• Individual Author: Zogg, Jennifer ; Bono, Michael
    Reference Type: Conference Paper
    Year: 2015

    This PowerPoint presentation from the 2015 NAWRS workshop summarizes the methodology and findings of a study of parents receiving aid from CalWORKs. The study examined service utilization patterns of several subgroups of CalWORKs adults using data matching of individual case records.

    This PowerPoint presentation from the 2015 NAWRS workshop summarizes the methodology and findings of a study of parents receiving aid from CalWORKs. The study examined service utilization patterns of several subgroups of CalWORKs adults using data matching of individual case records.

  • Individual Author: Bono, Michael
    Reference Type: Report
    Year: 2014

    This report is intended to provide guidance to Los Angeles County's Department of Public Social Services (DPSS) in its efforts to boost the effectiveness of the advocacy services provided to permanently disabled General Relief (GR) recipients seeking to gain approval for the Federal Supplemental Security Income (SSI) program. The results reported in what follows are based on a sample of 24J66 GR recipients who applied for SSI over a 51-month period spanning from January 2008 through March 2012. Rigorous statistical methods were applied to this population to identify the types of GR recipients most and least likely to gain approval for SSI. One of the most critical findings reported here is the decidedly inverse relationship between the duration of GR tenure and the probability of gaining approval for SSI. As all three measures of GR tenure increase - i.e. the number of months on GR, the number of GR spells, and the length of the longest GR spell -the odds of gaining approval for SSI decline. This suggests additional steps should be considered to ensure recipients with serious and...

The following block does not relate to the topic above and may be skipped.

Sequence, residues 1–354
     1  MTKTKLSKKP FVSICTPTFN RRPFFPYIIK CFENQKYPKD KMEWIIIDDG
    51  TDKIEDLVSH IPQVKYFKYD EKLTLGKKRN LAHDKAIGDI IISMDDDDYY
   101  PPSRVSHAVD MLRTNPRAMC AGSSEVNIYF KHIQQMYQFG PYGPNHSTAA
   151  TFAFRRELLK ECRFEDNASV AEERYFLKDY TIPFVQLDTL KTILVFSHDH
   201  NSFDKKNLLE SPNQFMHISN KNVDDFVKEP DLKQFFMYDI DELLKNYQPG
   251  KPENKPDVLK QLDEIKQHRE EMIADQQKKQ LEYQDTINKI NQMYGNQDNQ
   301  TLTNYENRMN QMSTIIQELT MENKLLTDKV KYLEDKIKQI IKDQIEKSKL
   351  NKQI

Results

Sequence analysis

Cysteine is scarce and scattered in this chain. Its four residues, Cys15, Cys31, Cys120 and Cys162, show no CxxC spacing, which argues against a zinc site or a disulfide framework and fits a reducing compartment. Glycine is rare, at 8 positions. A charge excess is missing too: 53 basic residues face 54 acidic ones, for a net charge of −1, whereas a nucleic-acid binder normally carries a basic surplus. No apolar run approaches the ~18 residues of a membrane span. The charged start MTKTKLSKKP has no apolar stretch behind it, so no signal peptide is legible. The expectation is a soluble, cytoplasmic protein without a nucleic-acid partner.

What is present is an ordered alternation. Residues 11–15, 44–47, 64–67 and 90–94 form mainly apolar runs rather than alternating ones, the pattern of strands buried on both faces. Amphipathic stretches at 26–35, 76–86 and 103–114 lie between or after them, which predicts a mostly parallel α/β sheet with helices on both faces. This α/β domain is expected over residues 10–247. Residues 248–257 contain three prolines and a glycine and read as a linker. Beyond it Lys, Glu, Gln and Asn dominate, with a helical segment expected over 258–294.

This report is intended to provide guidance to Los Angeles County's Department of Public Social Services (DPSS) in its efforts to boost the effectiveness of the advocacy services provided to permanently disabled General Relief (GR) recipients seeking to gain approval for the Federal Supplemental Security Income (SSI) program. The results reported in what follows are based on a sample of 24J66 GR recipients who applied for SSI over a 51-month period spanning from January 2008 through March 2012. Rigorous statistical methods were applied to this population to identify the types of GR recipients most and least likely to gain approval for SSI. One of the most critical findings reported here is the decidedly inverse relationship between the duration of GR tenure and the probability of gaining approval for SSI. As all three measures of GR tenure increase - i.e. the number of months on GR, the number of GR spells, and the length of the longest GR spell -the odds of gaining approval for SSI decline. This suggests additional steps should be considered to ensure recipients with serious and permanent disabilities are routed to SSI advocacy services at GR intake. Homelessness also poses a barrier to SSI approval, particularly long episodes of homelessness. At the same time, applicants who were continuously disabled for the entire time they were on GR had better chances of gaining approval for SSI by comparison with those with intermittent disabilities. Three years after submission of their SSI applications, 71% of the recipients who were disabled continuously during their time on GR gained approval for SSI, versus 44.2% of those whose disabilities were episodic. By extension, recipients with no history of employment during their GR tenures were much more likely to gain approval for SSI than those who had any history of employment at all. In more general terms, this report shows that the SSI application process, from submission to the final decision, appears to be protracted. The median duration of time for this process is approximately 2.5 years, which includes those who were not approved within the 51-month study period. Slightly fewer than ten percent of the observed applicants were approved for SSI one year after submission of their applications; 35.2% were approved after two years; and 63.6% were approved after three years. (Author Introduction)